13 Visit of Louis XIV to the Gobelins with Colbert, Oct.

15, 1667.

14 Capture of Dole, Feb. 16, 1668, the King commanding in person.

By the end of the year 1662, Lebrun was at work on the designs for the Story of the King. Vander-meulen, who had a salary of 6,000 livres a year and apartments at the Gobelins, was given the landscapes and views of cities to prepare and accompanied the King on his campaigns. The high warp cartoons were executed by Yvart the elder, Mathieu the elder, De Sève the younger, and Testelin. The first pieces were put on the looms in 1665 in the shops of Jans, Lefèvre, and Laurent. The different pieces bear descriptive captions in French in a cartouche in the middle of the lower borders. They also show the date when the weaving of the piece began, in the left border, and when it was completed, in the right border. For instance, in the Coronation of Louis XIV, we find on the left LVDvs XIIII and under it ANo. 1665; on the right the name repeated and under it ANo. 1671. The average time of weaving was about five years each.

This first set was the only complete one ever made on high warp looms at the Gobelins. It comprised 14 pieces 4 1/4 aunes (French ell equals 46 3/4 inches) high, with a combined width of 88 1/2 aunes - about 17 feet by 354. It cost 166,698 livres to weave and is rich with gold. The complete set is still preserved and forms a part of the French National Collection, one piece being exhibited at the Gobelins and three at Fontainebleau.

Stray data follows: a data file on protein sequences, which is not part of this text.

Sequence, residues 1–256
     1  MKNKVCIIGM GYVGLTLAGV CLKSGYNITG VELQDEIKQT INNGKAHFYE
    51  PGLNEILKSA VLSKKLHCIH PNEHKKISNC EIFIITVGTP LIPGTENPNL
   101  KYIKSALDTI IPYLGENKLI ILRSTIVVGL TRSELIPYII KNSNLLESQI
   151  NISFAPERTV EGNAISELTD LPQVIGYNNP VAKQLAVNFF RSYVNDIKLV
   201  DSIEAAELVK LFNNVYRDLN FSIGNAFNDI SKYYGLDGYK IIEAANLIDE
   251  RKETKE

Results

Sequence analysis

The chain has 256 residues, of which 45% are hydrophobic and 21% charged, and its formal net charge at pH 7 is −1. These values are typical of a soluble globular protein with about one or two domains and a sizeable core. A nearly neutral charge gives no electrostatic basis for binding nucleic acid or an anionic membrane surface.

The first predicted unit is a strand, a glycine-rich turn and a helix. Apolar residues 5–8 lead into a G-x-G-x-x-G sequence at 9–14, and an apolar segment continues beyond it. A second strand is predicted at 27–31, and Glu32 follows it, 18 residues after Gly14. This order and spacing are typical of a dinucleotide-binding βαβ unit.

There were three complete sets woven on the low warp looms of the Gobelins, all with gold, one 1665-1680, one 1707-1715, one 1729-1735, besides miscellaneous pieces. The low warp sets were only-three-quarters as high as the high warp sets, and narrower in proportion.

The Story of Alexander was in special favour at the Court on account of the direct allusions found in it to the principal events in the life of Louis XIV. It was reproduced eight times at the Gobelins during his reign and often in Brussels, Audenarde, and Aubusson. Lebrun painted the five pictures entirely with his own hands, one of them, the Family of Darius at Alexander's Feet, at Fontainebleau in the presence of the King himself. The other scenes were the Passage of the Granicus, the Battle of Arbela, the Battle with Porus, the Triumph of Alexander. The three battle scenes were so large that no space could be found to receive them, and each was accordingly made in three separate pieces, making the total set consist of 11 pieces instead of five.

As the King grew older and France less successful in war and commerce, the opportunities for glorification became fewer. The nature of the subjects chosen for tapestry changed. Instead of the Story of the King, we have the Story of Moses in ten pieces, 8 after Poussin, 2 after Lebrun. Even before this, ancient models had been reproduced, notably Raphael's famous Acts of the Apostles. But now there was a distinct movement backwards, away from contemporary history to Biblical and Greek and Roman, and to the reproduction of XVI century cartoons.